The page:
For readers of a certain age, the news that The Mysterious Cities of Gold is returning stirs up memories of hazy autumn days in 1986, rushing home to see the latest instalment of a cartoon series with a difference. MCoG had adventure and action, a complex storyline and believable characters… it was also an anime. MCoG was one of the last of the “hidden imports”, Japanese animation shows released in the UK with no discussion of their origins. Four years later, Akira changed everything.
MCoG gets a mention here because the animation was done by the famous Studio Pierrot, including early directorial work from Mizuho Nishikubo, the director of Musashi: Dream of the Last Samurai. But considering that the original was a French co-production (run by Ulysses 31’s Jean Chalopin), and there is currently no mention of Japanese participation in the sequel, I may not have cause to mention it again.
MCoG is thirty years old. As is the way with such multinational productions, the ownership of the original was a nightmare. For years, it seemed that the sticking point was the Japanese end of production, with the network NHK refusing to give up its share or sell it on so that others could do something with it. The deadlock was broken in 2007, with Chalopin’s new company Movie Plus buying NHK’s interest in the franchise, in turn freeing it up to be released on DVD, and indeed, for discussions to begin about a remake.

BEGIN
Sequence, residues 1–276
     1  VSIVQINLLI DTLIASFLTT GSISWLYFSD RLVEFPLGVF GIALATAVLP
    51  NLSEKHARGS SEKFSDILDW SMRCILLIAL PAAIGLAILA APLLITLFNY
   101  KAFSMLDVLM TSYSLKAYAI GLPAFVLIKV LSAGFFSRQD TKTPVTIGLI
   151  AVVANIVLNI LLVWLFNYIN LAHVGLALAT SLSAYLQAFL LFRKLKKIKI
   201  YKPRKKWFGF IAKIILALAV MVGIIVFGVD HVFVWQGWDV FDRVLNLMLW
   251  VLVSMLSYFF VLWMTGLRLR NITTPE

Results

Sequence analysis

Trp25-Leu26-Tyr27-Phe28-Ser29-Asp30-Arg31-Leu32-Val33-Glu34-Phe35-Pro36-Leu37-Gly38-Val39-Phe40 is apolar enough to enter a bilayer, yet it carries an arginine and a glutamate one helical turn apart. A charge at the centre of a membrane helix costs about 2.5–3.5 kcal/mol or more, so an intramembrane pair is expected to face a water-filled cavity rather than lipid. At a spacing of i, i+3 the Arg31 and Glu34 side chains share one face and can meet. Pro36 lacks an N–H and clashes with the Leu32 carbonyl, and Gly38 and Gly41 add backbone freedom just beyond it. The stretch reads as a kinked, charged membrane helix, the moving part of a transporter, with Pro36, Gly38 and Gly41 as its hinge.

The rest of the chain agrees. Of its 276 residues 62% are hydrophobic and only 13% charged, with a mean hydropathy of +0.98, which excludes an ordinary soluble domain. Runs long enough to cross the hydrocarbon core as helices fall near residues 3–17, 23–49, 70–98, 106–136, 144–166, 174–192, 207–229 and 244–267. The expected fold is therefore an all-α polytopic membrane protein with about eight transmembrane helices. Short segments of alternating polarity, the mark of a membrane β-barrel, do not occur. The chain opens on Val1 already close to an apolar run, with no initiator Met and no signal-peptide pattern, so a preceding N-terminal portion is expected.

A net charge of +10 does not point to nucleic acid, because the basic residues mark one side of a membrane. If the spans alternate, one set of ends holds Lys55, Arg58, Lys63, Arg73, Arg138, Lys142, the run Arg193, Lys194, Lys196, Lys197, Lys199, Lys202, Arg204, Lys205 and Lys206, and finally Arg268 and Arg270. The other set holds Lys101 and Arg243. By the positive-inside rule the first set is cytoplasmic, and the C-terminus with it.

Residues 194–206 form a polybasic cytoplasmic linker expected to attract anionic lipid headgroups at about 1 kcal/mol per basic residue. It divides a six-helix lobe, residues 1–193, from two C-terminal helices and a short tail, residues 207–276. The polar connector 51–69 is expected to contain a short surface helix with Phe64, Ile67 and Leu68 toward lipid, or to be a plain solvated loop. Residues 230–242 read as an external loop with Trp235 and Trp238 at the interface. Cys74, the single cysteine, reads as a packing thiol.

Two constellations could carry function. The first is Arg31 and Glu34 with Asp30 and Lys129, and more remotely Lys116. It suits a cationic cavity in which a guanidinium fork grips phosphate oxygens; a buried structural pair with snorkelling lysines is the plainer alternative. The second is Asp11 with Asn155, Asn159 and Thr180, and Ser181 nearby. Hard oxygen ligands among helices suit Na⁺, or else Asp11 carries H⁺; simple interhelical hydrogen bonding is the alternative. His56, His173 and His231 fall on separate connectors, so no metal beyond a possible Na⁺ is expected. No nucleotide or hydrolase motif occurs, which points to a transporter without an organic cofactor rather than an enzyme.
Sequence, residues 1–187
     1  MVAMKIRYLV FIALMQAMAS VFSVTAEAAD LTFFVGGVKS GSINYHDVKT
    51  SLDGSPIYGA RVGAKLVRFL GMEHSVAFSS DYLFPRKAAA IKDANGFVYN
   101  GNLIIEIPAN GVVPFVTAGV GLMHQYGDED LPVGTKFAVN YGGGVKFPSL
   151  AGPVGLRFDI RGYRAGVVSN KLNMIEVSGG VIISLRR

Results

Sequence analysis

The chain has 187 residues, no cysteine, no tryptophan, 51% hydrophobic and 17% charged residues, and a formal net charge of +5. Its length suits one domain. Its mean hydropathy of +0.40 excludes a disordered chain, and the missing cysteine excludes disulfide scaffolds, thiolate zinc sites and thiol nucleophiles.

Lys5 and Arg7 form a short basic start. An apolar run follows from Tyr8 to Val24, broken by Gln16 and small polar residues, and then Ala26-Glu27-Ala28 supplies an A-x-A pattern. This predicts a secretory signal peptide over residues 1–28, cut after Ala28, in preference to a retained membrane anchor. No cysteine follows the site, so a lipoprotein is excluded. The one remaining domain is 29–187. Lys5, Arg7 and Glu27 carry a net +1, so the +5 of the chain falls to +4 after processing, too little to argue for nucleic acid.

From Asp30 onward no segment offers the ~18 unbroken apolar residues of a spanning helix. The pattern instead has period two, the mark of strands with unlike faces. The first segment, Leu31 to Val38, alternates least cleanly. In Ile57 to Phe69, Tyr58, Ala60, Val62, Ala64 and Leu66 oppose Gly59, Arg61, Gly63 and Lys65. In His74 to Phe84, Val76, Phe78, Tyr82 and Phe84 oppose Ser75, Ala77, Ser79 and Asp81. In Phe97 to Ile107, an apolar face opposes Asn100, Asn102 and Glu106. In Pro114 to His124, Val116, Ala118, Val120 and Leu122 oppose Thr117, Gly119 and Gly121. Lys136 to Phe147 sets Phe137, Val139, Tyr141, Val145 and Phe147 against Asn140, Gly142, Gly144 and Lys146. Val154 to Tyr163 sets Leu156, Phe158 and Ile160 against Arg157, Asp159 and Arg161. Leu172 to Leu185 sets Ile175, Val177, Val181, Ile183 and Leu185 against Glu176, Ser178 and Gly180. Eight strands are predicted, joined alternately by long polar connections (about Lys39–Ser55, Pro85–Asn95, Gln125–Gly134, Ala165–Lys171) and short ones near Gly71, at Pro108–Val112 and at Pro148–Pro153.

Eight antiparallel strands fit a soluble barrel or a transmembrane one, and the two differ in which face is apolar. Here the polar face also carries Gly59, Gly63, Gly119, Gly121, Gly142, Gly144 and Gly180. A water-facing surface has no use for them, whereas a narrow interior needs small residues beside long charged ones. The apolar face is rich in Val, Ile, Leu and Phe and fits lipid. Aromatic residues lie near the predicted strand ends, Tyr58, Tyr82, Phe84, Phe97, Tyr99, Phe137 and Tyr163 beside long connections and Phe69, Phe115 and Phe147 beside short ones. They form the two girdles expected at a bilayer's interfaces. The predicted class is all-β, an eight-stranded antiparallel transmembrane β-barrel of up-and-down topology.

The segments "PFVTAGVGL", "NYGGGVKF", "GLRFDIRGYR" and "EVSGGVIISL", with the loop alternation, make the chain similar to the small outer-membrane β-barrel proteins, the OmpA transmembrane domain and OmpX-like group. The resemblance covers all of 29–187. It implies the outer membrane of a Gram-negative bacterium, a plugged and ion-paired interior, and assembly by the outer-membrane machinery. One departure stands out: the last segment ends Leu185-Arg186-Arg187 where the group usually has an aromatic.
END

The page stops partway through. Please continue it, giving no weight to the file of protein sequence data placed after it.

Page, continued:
Initial discussions seemed to centre around a film production, although all mention of that was soon taken down from Movie Plus’s website. Instead, these speculations were replaced with an announcement that Mysterious Cities of Gold would be brought back as three 26-episode TV serials, moving the action from South America to Asia – 1532, the setting of the original series, is conveniently close to the samurai warring states period and the peak of China’s Ming dynasty.
But even if the setting is Asia, the animation companies listed so far are resolutely French, a fact liable to classify MCoG as a “mere” cartoon. That doesn’t mean it won’t be great; just that it’s likely appeal to fans of Japanese animation will surely be diminished.
Jonathan Clements is the author of Schoolgirl Milky Crisis: Adventures in the Anime and Manga Trade. This article first appeared in NEO 87, 2011.